Justice Kennedy posed a question concerning retaliation, noting that Perich could not even get a hearing on retaliation if the ministerial exception applies. Justice Scalia joined the argument and made the point that “It’s none of the business of government to decide what the substantial interest of the church is.”
Chief Justice Roberts asked how the Court decides who is covered by the ministerial exception and who is not. Justice Ginsburg questioned whether the extent of religious duties mattered or whether commission as a minister is all that matters. Justice Scalia then questioned whether the courts could determine whether a commission as a minister is a sham, wondering whether a sham is different from a pretext. Mr. Laycock conceded that the courts could determine whether someone was a minister for purposes of the exemption. The Chief Justice took the argument further, noting that different churches have different ideas about who is a minister. The argument then turned to the definition of a minister.
The Chief Justice asked the first question to the Solicitor General, arguing for the Justice Department: “Is the position of the United States that there is a ministerial exception or that there is not a ministerial exception.” Ms. Kruger responded: “[I]f the ministerial exception is understood as a First Amendment doctrine that governs the adjudication of disputes between certain employees and their employers, we agree that that First Amendment doctrine exists.” The Chief Justice narrowed his question: “Is there anything special about the fact that the people involved in this case are part of a religious organization?” Ms. Kruger seemed to respond that there was not: “[W]e don’t think that the job duties of a particular religious employee in an organization are relevant.”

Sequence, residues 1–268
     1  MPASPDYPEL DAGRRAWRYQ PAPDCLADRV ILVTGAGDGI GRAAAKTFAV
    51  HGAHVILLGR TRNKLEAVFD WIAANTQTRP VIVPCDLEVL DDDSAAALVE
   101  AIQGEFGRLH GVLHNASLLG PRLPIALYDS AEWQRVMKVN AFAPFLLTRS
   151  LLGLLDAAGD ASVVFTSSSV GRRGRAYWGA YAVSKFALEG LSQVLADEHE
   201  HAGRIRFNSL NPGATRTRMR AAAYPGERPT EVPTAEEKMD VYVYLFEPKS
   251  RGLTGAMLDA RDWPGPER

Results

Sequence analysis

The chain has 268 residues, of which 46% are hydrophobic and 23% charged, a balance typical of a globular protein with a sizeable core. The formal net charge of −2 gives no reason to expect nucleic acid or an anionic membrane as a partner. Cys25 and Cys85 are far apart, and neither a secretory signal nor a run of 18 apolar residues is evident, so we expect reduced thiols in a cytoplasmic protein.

Justice Scalia remarked that the United States’ position was “extraordinary.” “We are talking about the Free Exercise Clause and about the Establishment Clause, and you say they have no special application?”